The final piece chosen to illustrate the Monteverdi influence was Purcell’s well-known anthem, Remember not, Lord, our offences, written in about 1680. The previous three decades, from the time of the Commonwealth onwards, had been a relatively barren period for English church music; although Tomkins, the last survivor of the tradition that sprung from Tallis and Byrd, lived on till 1656, most of the sources of his liturgical music date from the 1640s or earlier. There was need for a new style and Purcell provided it. The opening homophonic section of Remember not, Lord, our offences is declamatory and full of harmonic contrasts. The device of groups of voices singing different text at the same time which appears in Ohime il bel viso is also employed in the contrapuntal section of Remember not where, from bar 12, there is continual interchange of the voices between the two text phrases “neither take thou vengeance of our sins”, and “but spare us, good Lord” until all five voices reach “spare us, good Lord” in bar 27. Then the writing becomes homophonic again with some startling dissonances (not surprisingly, on the word “angry”) where the basses have an F under a G major chord in the upper four voices at bar 35 and a G under an A major chord at bar 38; and it is not until the final words “good Lord” that concord is restored. We are all indebted to Robert for a fascinating guided tour through a musical landscape which has not been extensively explored in recent TVEMF events. Warm thanks are also due to Catherine Lorigan for organising the event and to all those who in various ways helped to make it such a satisfying occasion.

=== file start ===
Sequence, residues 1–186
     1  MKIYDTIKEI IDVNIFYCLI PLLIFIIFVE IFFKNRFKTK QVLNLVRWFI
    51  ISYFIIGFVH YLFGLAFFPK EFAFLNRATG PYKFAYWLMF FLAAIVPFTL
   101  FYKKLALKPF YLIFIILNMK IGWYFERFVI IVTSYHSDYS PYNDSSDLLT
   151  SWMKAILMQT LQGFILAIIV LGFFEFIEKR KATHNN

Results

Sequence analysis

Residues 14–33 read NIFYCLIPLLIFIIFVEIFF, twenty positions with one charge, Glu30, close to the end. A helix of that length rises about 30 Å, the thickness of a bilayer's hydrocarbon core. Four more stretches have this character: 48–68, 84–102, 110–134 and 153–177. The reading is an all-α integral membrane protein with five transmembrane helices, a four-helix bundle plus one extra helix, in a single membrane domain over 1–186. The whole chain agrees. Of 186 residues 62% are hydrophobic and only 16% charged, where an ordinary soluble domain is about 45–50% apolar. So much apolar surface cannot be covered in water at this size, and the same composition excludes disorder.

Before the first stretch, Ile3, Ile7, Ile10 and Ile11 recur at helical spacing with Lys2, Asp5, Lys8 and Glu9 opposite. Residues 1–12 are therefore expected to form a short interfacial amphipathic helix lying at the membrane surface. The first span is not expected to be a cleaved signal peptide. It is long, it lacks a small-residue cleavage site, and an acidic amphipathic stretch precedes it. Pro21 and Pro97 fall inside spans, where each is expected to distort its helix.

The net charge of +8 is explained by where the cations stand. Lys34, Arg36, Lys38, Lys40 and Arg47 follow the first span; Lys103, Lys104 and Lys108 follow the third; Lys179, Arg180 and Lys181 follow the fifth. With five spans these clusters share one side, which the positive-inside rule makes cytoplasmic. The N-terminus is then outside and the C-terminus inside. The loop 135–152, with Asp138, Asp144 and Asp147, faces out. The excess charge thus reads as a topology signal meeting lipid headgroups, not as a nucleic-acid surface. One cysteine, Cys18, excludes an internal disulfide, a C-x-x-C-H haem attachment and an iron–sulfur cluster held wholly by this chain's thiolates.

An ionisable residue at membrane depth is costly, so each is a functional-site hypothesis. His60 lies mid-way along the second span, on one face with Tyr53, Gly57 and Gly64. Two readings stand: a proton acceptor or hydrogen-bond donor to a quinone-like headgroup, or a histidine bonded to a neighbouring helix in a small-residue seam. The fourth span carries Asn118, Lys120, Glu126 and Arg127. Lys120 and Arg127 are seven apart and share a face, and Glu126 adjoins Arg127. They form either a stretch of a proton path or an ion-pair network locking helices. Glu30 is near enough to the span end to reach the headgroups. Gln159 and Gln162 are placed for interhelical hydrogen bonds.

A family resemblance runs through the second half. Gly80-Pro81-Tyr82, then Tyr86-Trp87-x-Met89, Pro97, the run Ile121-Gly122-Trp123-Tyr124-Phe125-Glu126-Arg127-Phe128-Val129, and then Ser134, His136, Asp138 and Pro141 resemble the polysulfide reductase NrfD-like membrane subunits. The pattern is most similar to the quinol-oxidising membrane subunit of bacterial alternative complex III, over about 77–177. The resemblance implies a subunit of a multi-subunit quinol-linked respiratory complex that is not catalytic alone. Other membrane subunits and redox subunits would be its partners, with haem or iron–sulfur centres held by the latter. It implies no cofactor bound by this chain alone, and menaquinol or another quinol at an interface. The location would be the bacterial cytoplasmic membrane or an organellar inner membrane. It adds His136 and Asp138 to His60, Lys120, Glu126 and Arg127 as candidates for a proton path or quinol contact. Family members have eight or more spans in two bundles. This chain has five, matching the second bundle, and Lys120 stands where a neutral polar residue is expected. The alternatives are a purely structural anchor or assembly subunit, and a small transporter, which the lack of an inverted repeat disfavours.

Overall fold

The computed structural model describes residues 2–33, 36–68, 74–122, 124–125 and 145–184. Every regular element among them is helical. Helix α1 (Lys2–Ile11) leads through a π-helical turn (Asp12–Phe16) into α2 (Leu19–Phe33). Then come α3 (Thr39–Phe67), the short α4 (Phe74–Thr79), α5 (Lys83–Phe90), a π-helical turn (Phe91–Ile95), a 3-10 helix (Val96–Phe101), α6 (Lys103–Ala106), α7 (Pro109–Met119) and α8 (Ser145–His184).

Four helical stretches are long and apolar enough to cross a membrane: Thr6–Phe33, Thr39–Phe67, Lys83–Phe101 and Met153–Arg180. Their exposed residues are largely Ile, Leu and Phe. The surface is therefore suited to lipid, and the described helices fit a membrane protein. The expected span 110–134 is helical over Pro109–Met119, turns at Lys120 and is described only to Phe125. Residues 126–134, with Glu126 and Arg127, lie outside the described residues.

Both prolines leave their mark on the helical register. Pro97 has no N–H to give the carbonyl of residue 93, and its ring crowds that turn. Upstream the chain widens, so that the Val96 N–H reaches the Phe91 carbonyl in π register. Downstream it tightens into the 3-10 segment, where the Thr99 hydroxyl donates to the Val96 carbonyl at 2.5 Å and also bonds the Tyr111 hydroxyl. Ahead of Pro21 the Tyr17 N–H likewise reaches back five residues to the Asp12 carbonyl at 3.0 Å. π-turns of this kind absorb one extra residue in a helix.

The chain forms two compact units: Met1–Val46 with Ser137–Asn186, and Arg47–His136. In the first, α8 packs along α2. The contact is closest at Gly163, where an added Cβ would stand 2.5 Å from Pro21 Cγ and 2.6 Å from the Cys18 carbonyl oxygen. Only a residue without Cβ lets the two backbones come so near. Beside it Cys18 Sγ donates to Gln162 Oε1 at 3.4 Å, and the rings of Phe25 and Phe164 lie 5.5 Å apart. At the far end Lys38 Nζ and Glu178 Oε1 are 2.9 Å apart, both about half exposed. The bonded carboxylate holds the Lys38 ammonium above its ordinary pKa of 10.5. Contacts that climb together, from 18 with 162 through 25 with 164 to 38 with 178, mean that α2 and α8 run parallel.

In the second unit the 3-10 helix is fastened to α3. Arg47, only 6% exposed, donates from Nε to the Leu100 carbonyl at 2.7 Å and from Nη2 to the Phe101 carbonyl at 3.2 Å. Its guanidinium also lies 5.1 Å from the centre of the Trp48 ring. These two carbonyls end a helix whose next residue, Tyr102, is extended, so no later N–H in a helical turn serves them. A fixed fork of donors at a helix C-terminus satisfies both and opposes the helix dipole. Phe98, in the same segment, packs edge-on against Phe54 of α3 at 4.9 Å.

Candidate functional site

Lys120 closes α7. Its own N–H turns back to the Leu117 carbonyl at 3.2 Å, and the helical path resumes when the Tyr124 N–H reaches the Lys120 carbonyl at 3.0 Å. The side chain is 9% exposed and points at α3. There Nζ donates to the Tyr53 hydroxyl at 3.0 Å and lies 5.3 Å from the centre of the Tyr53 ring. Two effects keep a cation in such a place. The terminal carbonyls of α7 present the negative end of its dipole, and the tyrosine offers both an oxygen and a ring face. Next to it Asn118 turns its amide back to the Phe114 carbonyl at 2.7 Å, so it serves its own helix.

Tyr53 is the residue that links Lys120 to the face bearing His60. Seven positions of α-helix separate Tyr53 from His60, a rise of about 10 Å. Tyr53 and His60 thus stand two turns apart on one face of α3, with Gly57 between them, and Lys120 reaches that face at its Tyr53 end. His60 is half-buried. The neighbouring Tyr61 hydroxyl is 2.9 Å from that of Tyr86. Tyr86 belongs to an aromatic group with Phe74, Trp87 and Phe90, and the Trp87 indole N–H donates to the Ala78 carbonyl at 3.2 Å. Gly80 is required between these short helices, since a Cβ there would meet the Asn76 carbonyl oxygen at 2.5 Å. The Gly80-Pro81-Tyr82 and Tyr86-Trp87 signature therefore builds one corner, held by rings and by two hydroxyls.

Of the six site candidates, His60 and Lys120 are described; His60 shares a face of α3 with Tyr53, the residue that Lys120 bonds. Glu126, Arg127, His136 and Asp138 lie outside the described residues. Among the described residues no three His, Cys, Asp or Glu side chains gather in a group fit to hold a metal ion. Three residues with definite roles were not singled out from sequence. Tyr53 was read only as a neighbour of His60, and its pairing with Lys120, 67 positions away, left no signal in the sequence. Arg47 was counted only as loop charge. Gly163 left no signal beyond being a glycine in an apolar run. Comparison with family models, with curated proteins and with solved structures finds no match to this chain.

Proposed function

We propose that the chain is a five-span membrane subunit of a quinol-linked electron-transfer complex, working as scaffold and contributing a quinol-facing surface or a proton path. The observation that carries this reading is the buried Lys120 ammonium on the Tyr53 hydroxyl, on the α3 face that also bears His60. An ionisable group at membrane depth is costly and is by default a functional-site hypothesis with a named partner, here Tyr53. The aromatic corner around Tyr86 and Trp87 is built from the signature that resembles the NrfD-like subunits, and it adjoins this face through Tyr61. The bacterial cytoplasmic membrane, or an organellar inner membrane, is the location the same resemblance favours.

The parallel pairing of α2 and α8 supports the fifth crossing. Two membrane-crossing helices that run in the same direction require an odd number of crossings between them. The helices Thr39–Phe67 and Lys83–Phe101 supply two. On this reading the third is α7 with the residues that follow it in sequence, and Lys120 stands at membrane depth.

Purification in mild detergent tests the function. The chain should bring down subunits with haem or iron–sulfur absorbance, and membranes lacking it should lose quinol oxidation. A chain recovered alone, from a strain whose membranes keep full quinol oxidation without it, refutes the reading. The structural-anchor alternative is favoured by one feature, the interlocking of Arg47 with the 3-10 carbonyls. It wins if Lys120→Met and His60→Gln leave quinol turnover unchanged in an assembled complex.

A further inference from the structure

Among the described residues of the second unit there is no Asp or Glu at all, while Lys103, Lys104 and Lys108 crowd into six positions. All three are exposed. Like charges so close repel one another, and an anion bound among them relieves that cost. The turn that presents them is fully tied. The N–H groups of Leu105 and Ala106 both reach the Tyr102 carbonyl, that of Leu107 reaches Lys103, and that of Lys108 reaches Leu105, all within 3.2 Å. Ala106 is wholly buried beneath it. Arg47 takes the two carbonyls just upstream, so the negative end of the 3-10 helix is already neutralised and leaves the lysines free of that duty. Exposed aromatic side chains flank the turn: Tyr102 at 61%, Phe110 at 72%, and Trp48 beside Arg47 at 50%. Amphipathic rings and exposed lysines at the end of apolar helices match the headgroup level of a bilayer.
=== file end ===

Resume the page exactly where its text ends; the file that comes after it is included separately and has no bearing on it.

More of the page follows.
Sidney Ross

Christmas concert of early music
Please come to a concert I'm sponsoring at St Mary’s Adderbury, nr Banbury, at 4pm, Sunday Dec 14. As a TVEMF member I will arrange for you to get up to two £12 tickets 25% off by emailing your name to me at jobpeter @ Hear the magnificent Christmas Oratorio by Heinrich Schutz, with its angels, flute-playing shepherds, nice wise men, not so nice Pharisees and a very nasty Herod. The programme is directed by noted Royal Academician Laurence Cummings. It includes seasonal music by Byrd, Morley, Tallis, Praetorius, Victoria and Thomas Ravenscroft, the composer and folk music collector who first wrote down Three Blind Mice 400 years ago. His item bears a suspicious resemblance in parts to the National Anthem written decades later….
Peter Job